The Cuomo Administration recently released the New York State Offshore Wind Blueprint, a plan to advance the development of offshore wind along New York’s coastline.
The blueprint defines an Offshore Study area of the ocean covering over 16,000 square miles, from the south shore of Long Island and New York City out to the continental shelf break. Within this area are potential sites for future offshore wind installations.
According to the blueprint document, New York has 39 GW of wind energy potential off of its coast. To put this in perspective, this is twenty times the output of the embattled Indian Point Nuclear Power plant which has been supplying a quarter of the electricity for the New York Metropolitan area and 10% of the electricity for the entire state.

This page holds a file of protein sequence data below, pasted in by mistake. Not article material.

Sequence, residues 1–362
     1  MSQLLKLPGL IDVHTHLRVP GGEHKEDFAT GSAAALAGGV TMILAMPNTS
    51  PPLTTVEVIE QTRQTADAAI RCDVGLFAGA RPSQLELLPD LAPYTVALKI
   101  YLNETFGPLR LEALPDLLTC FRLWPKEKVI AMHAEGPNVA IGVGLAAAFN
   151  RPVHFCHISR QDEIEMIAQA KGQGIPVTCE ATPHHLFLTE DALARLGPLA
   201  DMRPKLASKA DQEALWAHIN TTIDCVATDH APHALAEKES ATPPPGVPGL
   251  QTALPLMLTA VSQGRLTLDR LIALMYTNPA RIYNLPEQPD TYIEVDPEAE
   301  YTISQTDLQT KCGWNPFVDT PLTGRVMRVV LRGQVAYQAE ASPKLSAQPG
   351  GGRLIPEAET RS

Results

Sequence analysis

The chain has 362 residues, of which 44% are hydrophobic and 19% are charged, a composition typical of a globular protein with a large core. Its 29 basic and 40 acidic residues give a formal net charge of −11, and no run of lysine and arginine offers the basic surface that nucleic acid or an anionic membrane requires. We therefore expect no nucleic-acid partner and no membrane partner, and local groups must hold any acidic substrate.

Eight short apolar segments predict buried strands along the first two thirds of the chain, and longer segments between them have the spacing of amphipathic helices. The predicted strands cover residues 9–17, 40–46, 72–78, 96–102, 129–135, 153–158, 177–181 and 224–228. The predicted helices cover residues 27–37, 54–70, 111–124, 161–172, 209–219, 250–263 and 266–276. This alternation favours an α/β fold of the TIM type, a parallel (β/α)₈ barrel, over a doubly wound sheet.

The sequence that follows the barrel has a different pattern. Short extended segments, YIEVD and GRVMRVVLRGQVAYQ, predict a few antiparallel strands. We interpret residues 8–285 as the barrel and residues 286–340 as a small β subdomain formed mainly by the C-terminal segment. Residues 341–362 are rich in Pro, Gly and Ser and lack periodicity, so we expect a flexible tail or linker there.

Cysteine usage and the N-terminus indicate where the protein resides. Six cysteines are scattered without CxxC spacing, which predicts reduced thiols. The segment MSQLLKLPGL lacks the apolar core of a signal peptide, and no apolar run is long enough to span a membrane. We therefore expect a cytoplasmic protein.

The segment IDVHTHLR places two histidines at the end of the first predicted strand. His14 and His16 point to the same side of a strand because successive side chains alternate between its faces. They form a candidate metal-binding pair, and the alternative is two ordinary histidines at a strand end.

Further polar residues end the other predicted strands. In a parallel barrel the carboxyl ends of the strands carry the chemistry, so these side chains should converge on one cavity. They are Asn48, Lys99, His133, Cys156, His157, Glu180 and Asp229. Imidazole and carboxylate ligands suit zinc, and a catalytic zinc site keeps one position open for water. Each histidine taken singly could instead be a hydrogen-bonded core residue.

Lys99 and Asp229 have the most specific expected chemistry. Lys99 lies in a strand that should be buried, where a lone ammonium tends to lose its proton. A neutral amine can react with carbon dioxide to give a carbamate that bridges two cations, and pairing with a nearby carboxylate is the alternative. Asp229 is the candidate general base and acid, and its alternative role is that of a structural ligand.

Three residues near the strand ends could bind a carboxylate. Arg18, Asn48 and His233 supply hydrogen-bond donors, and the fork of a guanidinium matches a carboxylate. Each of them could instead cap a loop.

The blueprint creates the framework for an offshore wind master plan that will be developed and completed by the end of next year. The plan will be created by a group of stakeholders headed up by NYSERDA, the New York State Energy Research and Development Authority. NYSERDA plans to participate in the U.S. Department of the Interior’s Bureau of Ocean Energy Management auction for an 81,000-acre Wind Energy Area located 12 miles off the Long Island coast. This will be the first time a state entity has participated in one of these BOEM auctions.
The first offshore wind installation in the U.S. has just been completed off the coast of Rhode Island. From all appearances, we are finally going to start making use of one of our country’s richest energy resources and New York is moving aggressively in that direction.
Photo, posted May 13, 2011, courtesy of Department of Energy and Climate Change via Flickr.